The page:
Brexit and the Arab Spring: an uncanny resemblance

‘Brexit’ bears too much resemblance to the ‘Arab Spring’ - and unfortunately – this is not meant in a good way. In fact, in terms of both pretext and the handling of the surprising outcome, there is just so much in common, that one can’t but fear that the same disastrous aftermath of the 2011 Arab revolutions will - inevitably - also be replicated in Europe.

First - as recently noted by Patrick Cockburn in The Independent - protesters in both cases “attributed far too many of their country’s troubles to the regime they were trying to overthrow”. Indeed, so many voters actually believed that by simply leaving the EU, Britain will magically become great again… just like the Muslim Brotherhood sought to convince frustrated Egyptians that “Islam is the solution” to all their political, social and economic woes.

Then came the intense demonizing of political opponents. Just like you were accused of treason in Arab countries (either by the government if you were for the revolutions, or by the revolutionaries if you were with the government) Britons who argued for ‘remain’ were tainted un-patriotic, despite their rational that staying within the EU is actually better for Britain. Of course, Friday’s shocking win of the ‘Brexit’ camp made the situation much more complicated, and much more similar in truly unexpected ways!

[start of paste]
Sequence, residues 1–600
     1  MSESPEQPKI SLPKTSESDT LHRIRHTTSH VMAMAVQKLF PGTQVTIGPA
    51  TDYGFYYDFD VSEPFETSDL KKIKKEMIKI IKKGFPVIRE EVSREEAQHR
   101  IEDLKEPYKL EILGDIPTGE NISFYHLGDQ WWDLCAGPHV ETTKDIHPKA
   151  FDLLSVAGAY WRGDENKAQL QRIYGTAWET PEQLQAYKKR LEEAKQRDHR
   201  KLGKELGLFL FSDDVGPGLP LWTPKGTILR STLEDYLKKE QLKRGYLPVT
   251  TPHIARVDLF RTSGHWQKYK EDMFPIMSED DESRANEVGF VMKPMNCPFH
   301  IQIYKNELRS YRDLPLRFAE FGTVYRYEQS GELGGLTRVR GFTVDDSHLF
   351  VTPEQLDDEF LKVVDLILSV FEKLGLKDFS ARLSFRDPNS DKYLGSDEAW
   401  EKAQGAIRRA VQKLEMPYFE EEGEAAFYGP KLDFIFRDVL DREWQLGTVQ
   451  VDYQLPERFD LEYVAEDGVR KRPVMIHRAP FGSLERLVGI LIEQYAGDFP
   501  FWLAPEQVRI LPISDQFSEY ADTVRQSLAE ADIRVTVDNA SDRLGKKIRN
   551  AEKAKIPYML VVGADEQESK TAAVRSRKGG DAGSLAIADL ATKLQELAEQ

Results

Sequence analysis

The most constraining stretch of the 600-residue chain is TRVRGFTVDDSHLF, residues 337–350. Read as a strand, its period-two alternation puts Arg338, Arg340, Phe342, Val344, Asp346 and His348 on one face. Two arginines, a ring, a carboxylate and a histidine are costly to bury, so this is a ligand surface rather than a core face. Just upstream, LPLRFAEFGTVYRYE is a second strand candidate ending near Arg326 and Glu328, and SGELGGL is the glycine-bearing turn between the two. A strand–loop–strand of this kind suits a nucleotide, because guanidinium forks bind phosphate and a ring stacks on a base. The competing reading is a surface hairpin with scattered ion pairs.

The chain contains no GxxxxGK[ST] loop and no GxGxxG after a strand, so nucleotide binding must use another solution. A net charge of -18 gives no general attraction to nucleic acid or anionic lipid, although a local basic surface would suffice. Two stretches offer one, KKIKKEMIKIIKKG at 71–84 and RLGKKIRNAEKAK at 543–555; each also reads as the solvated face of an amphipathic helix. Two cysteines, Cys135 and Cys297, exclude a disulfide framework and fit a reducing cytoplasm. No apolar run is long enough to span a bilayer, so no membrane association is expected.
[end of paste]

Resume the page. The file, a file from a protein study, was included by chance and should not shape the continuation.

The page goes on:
Protesters in 2011 demanding Egyptian President Hosni Mubarak leaves (L) and a campaigner for the Leave Campaign protesting in London's Hyde Park earlier this month (AFP)

Protesters in 2011 demanding Egyptian President Hosni Mubarak leaves (L) and a campaigner for the Leave Campaign protesting in London's Hyde Park earlier this month (AFP)

Voters actually believed that by simply leaving the EU, Britain will magically become great again… just like the Muslim Brotherhood sought to convince frustrated Egyptians that “Islam is the solution

Faisal J. Abbas

‘Leaderless-Revolutions’

Following the disastrous outcome of the 2011 revolutions, several intellectuals argued that the Middle East was simply “not ready for democracy”.

“The Arab Spring would have succeeded in Europe, where the masses are educated and opposition leaders would have had plans for the day-after,” observers would argue as they criticized the ‘leaderless-revolutions’ which saw our already-troubled region descend into further chaos and conflict.

It turns out, however, that Europeans -- or at least Britons in this case -- are not proving to be any better.

As the British Pound plummeted to its lowest value in thirty years, UK media outlets (including ones which sensationally promoted leaving the EU) began reporting how ‘Brexit’ will negatively affect people, and many of those who voted ‘leave’ are now regretting their choice, stating that they were not fully aware of its impact.

Of course, while we – in the Middle East – blame lack of education and lack of democratic tradition for what proved to be wrong choices, the same doesn’t necessarily apply in Britain’s case.